@thibaudgg thibaudgg closed this
@axsuul

@avit Are you still using vagrant in your workflow? The spring gem now uses this gem to monitor file changes so I've been trying to get that to work with vagrant.

@avit

@axsuul yes, still using vagrant but no guard / spring / zeus or similar auto-reloading magic, yet.

@benlangfeld

Has anyone made any progress on implementing this yet? Are there alternative solutions to polling?

@timkurvers

I've just started work on TCP-forwarding for Listen 1.x as I cannot get the Guardfile to work correctly for Listen 2.x (master). Since Listen 2.x seems to be heavily reliant on Celluloid the feature should be easily portable.

As far as an ETA, I'm hoping to finalize something this week.

@thibaudgg
Guard member

Hi @timkurvers, please could you retry with the master branch of Listen, it now use listen2 branch of Guard and should work fine.
I would preferably adding this feature directly to 2.0. Thanks!

@timkurvers

Have just pushed an initial implementation to a feature/tcp-forwarding branch.

Usage example one end:

listener = Listen.to 'lib', forward_to: 4000 do |modified, added, removed| ... end
listener.start

Usage example other end:

listener = Listen.on 4000 do |modified, added, removed| ... end
listener.start

Bugs/features/issues remaining:

  • Missing specs: I will need help in this department as I'm not sure how to approach speccing certain things.
  • Relative paths/multiple directories: at present the paths broadcast are absolute, which makes it useless for usage with VMs. No warnings/exceptions are raised yet for unsupported scenarios.
  • Celluloid::IO's TCPSocket seems to have issues connecting to local addresses, hence the current workaround.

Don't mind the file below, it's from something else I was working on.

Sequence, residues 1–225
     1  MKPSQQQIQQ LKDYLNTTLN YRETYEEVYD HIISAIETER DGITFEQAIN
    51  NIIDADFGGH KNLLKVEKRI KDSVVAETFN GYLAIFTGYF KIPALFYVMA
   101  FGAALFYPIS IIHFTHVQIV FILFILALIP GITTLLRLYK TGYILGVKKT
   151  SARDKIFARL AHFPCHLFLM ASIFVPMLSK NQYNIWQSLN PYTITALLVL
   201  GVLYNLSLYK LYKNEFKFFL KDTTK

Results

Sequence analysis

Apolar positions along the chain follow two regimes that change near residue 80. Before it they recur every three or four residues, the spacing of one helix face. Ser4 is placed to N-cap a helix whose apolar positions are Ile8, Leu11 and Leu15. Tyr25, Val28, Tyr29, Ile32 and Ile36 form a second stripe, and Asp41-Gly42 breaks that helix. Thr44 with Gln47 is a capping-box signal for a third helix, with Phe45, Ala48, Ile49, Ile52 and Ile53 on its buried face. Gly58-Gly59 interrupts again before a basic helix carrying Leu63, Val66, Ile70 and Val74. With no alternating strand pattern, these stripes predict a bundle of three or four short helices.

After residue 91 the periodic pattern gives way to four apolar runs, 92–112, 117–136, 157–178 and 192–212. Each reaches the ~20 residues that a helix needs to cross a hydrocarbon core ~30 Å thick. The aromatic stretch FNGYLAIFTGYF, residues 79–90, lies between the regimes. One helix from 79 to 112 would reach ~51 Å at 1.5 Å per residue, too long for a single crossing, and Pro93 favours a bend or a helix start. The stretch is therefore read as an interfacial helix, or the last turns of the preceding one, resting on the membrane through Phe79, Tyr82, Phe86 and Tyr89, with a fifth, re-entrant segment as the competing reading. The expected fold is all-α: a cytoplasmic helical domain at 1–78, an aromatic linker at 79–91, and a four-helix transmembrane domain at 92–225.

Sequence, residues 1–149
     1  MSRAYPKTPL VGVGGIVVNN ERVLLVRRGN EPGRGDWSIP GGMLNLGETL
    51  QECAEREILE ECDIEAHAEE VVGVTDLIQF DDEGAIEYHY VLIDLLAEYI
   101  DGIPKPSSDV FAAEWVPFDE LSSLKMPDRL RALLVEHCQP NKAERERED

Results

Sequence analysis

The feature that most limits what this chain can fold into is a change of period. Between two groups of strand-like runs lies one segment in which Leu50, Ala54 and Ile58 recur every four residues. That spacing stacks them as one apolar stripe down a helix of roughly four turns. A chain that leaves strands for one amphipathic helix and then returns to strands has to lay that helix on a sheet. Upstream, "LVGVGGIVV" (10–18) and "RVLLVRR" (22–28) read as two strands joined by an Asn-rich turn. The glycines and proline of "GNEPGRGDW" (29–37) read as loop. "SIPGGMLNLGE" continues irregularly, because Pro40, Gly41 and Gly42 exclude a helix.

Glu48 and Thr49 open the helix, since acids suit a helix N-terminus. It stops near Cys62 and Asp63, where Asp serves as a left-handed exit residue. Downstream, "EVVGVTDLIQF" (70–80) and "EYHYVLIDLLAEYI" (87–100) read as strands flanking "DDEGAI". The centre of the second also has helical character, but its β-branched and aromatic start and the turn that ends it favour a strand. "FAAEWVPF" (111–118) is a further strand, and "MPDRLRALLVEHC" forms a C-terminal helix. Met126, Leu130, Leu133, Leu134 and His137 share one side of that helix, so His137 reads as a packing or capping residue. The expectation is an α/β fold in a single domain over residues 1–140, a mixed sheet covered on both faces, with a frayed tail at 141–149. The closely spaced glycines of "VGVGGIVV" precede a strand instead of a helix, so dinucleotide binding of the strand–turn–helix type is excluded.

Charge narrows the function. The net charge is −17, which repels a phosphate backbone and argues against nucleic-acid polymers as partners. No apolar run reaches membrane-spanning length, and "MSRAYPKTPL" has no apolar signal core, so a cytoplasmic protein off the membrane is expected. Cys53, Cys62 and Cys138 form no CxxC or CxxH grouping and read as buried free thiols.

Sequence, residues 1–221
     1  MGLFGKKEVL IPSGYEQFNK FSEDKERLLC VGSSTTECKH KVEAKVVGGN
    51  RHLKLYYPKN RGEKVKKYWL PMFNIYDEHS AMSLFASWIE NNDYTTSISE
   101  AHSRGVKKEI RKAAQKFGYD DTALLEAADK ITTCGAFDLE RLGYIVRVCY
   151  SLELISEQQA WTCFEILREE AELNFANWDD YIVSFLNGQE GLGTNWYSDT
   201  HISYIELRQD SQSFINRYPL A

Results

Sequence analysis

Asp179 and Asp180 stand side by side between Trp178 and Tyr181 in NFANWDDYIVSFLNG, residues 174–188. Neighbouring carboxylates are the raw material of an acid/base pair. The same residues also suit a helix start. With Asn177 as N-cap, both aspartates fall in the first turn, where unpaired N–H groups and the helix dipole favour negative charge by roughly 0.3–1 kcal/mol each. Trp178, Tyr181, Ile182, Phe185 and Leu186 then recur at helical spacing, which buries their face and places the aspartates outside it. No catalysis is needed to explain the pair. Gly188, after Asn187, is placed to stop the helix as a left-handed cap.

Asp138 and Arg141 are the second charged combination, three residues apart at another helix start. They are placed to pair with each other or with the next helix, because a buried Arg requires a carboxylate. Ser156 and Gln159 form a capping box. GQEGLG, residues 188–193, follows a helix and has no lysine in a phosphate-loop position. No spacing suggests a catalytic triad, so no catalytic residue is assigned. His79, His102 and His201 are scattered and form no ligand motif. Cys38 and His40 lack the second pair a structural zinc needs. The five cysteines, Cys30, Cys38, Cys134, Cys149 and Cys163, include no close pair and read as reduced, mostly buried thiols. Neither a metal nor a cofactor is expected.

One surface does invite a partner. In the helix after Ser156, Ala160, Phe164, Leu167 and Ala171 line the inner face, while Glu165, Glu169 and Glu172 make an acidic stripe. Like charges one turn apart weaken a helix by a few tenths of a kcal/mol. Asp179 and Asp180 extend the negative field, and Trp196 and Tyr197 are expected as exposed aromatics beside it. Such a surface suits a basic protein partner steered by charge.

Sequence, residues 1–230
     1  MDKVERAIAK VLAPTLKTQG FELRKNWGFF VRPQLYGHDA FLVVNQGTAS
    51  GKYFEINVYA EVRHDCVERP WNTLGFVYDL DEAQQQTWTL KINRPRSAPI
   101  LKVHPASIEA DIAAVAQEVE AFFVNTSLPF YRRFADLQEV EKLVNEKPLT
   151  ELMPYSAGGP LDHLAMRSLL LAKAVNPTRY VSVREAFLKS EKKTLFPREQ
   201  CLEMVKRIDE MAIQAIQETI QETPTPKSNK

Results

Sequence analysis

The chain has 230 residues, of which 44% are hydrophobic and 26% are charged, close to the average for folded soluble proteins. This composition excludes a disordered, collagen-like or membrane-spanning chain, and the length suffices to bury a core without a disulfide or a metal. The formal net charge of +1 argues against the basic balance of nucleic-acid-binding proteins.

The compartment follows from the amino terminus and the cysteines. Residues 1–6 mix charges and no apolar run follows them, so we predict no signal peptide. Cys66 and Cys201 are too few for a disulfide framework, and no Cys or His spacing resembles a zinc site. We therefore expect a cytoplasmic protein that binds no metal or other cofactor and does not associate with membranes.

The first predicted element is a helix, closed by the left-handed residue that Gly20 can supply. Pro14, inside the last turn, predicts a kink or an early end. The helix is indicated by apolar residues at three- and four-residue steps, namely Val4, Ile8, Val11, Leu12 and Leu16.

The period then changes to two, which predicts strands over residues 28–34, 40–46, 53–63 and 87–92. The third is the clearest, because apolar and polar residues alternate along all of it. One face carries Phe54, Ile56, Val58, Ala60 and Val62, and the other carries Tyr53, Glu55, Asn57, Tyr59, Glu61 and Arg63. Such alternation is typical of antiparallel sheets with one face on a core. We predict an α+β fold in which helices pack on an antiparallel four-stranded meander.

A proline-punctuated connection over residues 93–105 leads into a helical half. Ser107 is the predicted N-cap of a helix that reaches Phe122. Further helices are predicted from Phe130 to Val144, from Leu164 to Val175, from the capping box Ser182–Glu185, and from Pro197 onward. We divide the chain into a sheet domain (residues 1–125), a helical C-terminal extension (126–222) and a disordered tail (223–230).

• The broadcasting listener seems to fire off an added-report for an entire directory the first time any changes are detected. This might be a Listen 2.0 thing, @thibaudgg?
  • Is Listen::TCP::Listener the right way to go? It keeps the TCP forwarding functionality neatly encapsulated but it does override/hook into the base-class.

This is very much a work in progress, but I hope we'll be able to figure out the nitty-gritty together! :facepunch:

@thibaudgg
Guard member

Very nice, please open a pull request so we can have a discussion there.

Missing specs: I will need help in this department as I'm not sure how to approach speccing certain things.

Will discuss that in PR, no problem

Relative paths/multiple directories: at present the paths broadcast are absolute, which makes it useless for usage with VMs. No warnings/exceptions are raised yet for unsupported scenarios.

Absolute paths are the way to go for me, maybe we can add an option to replace some part of the path when used in a VM, though?

Celluloid::IO's TCPSocket seems to have issues connecting to local addresses, hence the current workaround.

Ok, please report it to Celluloid crew. I'm sure they would like to know about that.

The broadcasting listener seems to fire off an added-report for an entire directory the first time any changes are detected. This might be a Listen 2.0 thing.

Normally they are reported with a silence: true flag and should not be appear in the callback. (They are made for building the files record).

Is Listen::TCP::Listener the right way to go? It keeps the TCP forwarding functionality neatly encapsulated but it does override/hook into the base-class.

Look nice like that, but we could discuss that in the PR as well.

Thanks, looking forward to merging that!

@e2
e2 commented

Just FYI, guys: #258

(While I've read all the comments above, any feedback, hindsight would be appreciated).

@uxtronaut uxtronaut referenced this issue in locomotivecms/wagon
Open

Add force polling option to wagon server #229